However, none of those cases addressed whether the privilege also relates to nonlitigation-related communications. It is in this context that the court of appeal's decision in STI Outdoor v. Superior Court (91 Cal. App. 4th 334 (2001)) provided a welcome clarification that exchanging privileged communications during business negotiations does not necessarily compromise the scope or integrity of the attorney-client privilege.
STI Outdoor involved the Los Angeles County Metropolitan Transportation Authority's (MTA) solicitation of proposals for the installation of automated public toilets as a service for its riders. After the project was awarded, the losing bidder invoked the California Public Records Act in an effort to compel the MTA's disclosure of legal opinions exchanged with the winning bidder during negotiations. The trial court ordered disclosure of the opinions, notwithstanding the winning bidder's and the MTA's assertion of the attorney-client privilege.
The appellate court, however, specifically rejected the argument that the attorney-client privilege is waived in such business settings: "We are not persuaded that the attorney-client privilege is limited to litigation-related communications. Evidence Code sections 912 and 952 do not use the terms 'litigation' or 'legal communications' in their description of privileged disclosures, but specifically refer to 'the accomplishment of the purpose' for which the lawyer was consulted. Attorneys are consulted for a myriad of reasons besides litigation." (91 Cal. App. 4th at 341.)
In addition, the STI Outdoor court rejected the notion that parties are necessarily adverse-and thus have no common interest-because they are on opposite sides of a business transaction.
The STI Outdoor court recognized that while the details of a business deal are negotiated for each party's own separate interest, the framing and overall deal itself is pursued for the mutual and common benefit of both parties-a practical reality of the everyday business world. Thus, a party who requests legal advice from its attorneys in a business transaction does not necessarily waive the attorney-client privilege by disclosing the opinion to a transactional counterpart if the disclosure is reasonably necessary to accomplish the purpose for which the attorney originally was retained. PROVING NONWAIVER It can be difficult to establish that an exchange of confidential information with a transactional "foe" is protected in later litigation, but a California court recently helped define the parameters. Applying the principles set out in STI Outdoor, the California Court of Appeal, First Appellate District, explained in OXY Res. California v. Superior Court the circumstances under which parties negotiating a business transaction later can rely on mutual promises during the negotiations to retain the communications' confidentiality and protect them from third-party litigants.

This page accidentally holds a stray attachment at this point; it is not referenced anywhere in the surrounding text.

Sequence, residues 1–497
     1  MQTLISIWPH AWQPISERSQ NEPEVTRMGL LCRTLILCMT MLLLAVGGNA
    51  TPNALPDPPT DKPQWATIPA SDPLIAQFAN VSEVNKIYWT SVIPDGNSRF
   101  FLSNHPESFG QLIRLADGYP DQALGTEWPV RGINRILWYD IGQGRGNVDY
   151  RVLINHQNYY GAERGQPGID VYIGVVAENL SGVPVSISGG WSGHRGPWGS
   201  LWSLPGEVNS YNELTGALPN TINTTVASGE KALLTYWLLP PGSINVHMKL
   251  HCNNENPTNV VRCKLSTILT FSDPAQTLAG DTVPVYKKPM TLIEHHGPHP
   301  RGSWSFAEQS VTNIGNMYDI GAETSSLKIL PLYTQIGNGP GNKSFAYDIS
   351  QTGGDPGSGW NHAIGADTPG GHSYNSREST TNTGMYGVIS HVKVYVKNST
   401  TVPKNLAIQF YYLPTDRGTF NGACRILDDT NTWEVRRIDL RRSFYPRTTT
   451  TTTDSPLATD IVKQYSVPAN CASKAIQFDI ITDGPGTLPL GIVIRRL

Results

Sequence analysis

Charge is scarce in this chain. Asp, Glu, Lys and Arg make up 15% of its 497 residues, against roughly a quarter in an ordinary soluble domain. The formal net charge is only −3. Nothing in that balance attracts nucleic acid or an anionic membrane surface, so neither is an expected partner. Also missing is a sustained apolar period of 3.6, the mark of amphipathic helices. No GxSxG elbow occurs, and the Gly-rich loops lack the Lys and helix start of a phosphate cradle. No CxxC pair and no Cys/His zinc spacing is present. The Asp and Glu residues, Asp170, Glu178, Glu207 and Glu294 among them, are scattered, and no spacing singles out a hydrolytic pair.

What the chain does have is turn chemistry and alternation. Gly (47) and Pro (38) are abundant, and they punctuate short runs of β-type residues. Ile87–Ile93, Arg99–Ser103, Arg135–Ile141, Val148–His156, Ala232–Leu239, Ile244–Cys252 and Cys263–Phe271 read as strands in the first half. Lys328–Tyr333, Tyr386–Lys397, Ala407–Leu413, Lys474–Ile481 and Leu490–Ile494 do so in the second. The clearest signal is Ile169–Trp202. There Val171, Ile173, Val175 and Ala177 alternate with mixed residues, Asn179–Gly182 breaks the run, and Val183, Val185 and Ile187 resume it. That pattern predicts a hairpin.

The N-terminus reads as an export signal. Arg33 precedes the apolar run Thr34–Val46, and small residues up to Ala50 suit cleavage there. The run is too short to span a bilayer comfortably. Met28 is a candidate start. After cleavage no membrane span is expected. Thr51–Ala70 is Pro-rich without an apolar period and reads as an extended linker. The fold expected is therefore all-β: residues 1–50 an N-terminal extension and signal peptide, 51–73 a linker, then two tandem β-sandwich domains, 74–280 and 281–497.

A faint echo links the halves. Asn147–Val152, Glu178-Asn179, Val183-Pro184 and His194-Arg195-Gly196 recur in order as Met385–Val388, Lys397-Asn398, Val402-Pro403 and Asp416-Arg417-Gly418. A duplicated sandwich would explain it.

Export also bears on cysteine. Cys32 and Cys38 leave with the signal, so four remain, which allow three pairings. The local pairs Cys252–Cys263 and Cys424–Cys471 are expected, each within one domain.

The OXY case involved a complex business transaction in which OXY Resources California and EOG Resources exchanged interests in properties that produced oil and gas, including some property subject to a preferential purchase right held by Calpine Natural Gas. Before finalizing their negotiations, OXY and EOG entered into a joint defense agreement anticipating that Calpine would later try to obtain some of the confidential information they had exchanged. As predicted, Calpine later sued both OXY and EOG and moved to compel production of documents reflecting OXY and EOG's communications both before and after the two companies finalized the transaction.
The trial court concluded, based on the STI Outdoor holding, that the pre-acquisition documents were privileged because they were reasonably necessary to further the interest of both parties in finalizing the negotiations. However, it reasoned that OXY failed to demonstrate that the exchange of post-acquisition documents was necessary to finalize the negotiations, so no joint defense privilege protected the post-acquisition documents.
The California court of appeal found that the trial court relied on inadequate evidence-general declarations and a privilege log-to conclude that the preacquisition documents were privileged and reasoned that a joint defense agreement cannot serve as the sole basis for withholding documents from disclosure. (115 Cal. App. 4th 874 at 894.) The party holding the privilege must meet its burden to establish a claim of privilege for documents withheld on the basis of a joint defense agreement, even if the holder of the privilege does not have the documents. Interestingly, the OXY court instructed the trial court to first determine whether each document withheld was independently protected by either the attorney-client privilege or the attorney work product doctrine, and then review the documents in camera to determine whether the disclosure was necessary.
The OXY ruling makes clear that a party relying on the nonwaiver doctrine must do more than just establish that a confidential communication took place between parties who purportedly share a common interest. The invoking party must establish that the communicated information would otherwise be protected from disclosure by a claim of privilege, there was a reasonable expectation that the communications would be maintained in confidence, and it was reasonably necessary to disclose the information to accomplish the purpose for which the lawyer was consulted. BEWARE OF THE GOVERNMENT The lessons learned from the STI Outdoor and OXY decisions come with one caveat: Beware of the government.